Saturday, October 16, 2010

How Change Happens

Change is dared by few, willed by more, and (eventually) tolerated by all.

The end of the conference...

...but the beginning of action steps.

We've heard about the gender gaps, we've seen the research, we know the business case, we've learned what other countries have done to close gender gaps. Now it is up to everyone to make sure that other people know about these gaps--and that we take concrete steps to close them.

What will you do?

Thank you so much to conference chairs Iris Bohnet, Laura Liswood and Saadia Zahidi. Thank you to the Women and Public Policy Program at HKS and to the Council of Women World Leaders staffs. It was a privilege to be a part of the program and to share my thoughts over the past two days. I hope that it was helpful--and more importantly, I hope that you feel galvanized to action.

The First Phase in Diversity is Counting.

And there are 141 countries in which there is no data to date, according to Irene Natividad, Chair of the Corporate Women Directors International and President of the Global Summit of Women.

To use her words, "that is pathetic."

The other steps?

Quotas. Corporate Governance Codes/Stock Exchange/Securities Exchange Commission Initiatives. Making the business case. Advocacy (especially from institutional investors).

And women ought to be in--and taking part in--all of those entities.

Quotas: In Norway, highly disliked (then).

Quotas: (Still) disliked.

But when Norway hit its 40% quota target for women on corporate boards in 2008, according to Elin Hurvenes, founder of the Professional Boards Forum, everybody liked the results.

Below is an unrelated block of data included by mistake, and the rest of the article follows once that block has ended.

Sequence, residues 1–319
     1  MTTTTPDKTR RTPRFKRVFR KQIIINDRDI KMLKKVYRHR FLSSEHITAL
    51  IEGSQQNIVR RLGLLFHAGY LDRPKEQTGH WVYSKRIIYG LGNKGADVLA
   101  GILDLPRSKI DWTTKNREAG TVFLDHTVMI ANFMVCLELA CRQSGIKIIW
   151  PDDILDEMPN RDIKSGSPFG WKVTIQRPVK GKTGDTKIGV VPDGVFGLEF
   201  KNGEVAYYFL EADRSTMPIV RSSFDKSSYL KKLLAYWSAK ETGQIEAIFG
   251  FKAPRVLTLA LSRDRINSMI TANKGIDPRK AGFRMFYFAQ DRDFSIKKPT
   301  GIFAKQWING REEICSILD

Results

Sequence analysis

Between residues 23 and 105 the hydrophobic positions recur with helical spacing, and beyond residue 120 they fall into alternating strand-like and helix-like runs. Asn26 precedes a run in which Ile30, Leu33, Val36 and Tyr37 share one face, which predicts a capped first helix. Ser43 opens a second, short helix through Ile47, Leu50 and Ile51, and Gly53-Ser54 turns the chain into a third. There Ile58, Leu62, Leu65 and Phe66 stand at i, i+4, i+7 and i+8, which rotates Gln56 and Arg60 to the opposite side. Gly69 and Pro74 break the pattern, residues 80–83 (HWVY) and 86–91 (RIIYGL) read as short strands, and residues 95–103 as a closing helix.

Bottom line. Action. Results. Isn't this what companies care about?

"Breaking the Glass Ceiling from the Top"

I will state my bias right up front: I worked with Catalyst over the summer and I absolutely consider myself a Catalysta. And so should you.

Ilene Lang, the president and CEO of Catalyst, just shared a small sliver of the research Catalyst is doing that is changing the makeup of organizations and board leadership. And as she says--even though the values-based argument and a person's sense of fair play may be the most important motivating reason for addressing gender gaps-- financial and "bottom line" measures are a good way to help sweep others along.

So here's the bottom line: it just makes good business sense (and that's in a dollars sense of the word). According to Catalyst research, Fortune 500 companies with higher percentages of women on their boards see equity returns 53 percent higher than those companies with the fewest number of women on their boards, as well as 42 percent higher return on sales and 66 percent higher return on investment.

Granted, this is a correlation, not a causation. But given the other compelling reasons--not to mention our current economy--what part of 15.2% F500 board seats held by women makes any sense (or cents) at all?

Dads and Their Daughters.

"Until it hits close to home, and you're coming after me and mine, it's not real."

David Ross, associate professor at Columbia Business School just brought a giant ray of sunshine to the debate we're having today. His (preliminary) research in Denmark has found that if a male CEO has a son, there is no change in the salaries of those around him. Yet, if a male CEO has a daughter, there is an instantaneous rise in the salaries of the female managers around him. His conclusion: if all it takes is that moment of realization, when you realize you want to make the world a more equal place because you now have a living investment in the future, this is a battle we can win.

Love it, and the conference loved it as well.

However...this means that the attitudes towards women are that much more important. This means that the gendercide going on in countries like India and China is that much more horrifying. It raises even more questions about how to tackle gender gaps on a global scale. And in no way does it mean that we can just wait for others to have that "light bulb" moment, that our work is done, or that we--men and women alike--still do not have the responsibility to close the gender gaps in our own lives.

"Filling the pipeline is not enough."

Most likely, the women and men sitting in the conference room right now all know this already, but it bears repeating. Thanks, Barbara Annis, for reminding us.

Organizations, are you paying attention?